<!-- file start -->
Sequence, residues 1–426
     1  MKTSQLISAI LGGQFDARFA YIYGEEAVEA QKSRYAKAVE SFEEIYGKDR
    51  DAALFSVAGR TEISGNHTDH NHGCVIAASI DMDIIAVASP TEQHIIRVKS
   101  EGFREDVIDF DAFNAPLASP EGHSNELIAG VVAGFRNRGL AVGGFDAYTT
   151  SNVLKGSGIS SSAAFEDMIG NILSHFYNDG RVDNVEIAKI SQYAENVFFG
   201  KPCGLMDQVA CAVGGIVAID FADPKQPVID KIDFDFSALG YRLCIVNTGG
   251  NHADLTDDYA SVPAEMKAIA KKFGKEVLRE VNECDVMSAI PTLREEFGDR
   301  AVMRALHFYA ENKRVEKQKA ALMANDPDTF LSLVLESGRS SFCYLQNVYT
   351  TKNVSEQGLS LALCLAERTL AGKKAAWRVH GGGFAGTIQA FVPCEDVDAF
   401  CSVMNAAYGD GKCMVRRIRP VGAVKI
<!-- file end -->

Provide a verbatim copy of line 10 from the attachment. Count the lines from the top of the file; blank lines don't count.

   401  CSVMNAAYGD GKCMVRRIRP VGAVKI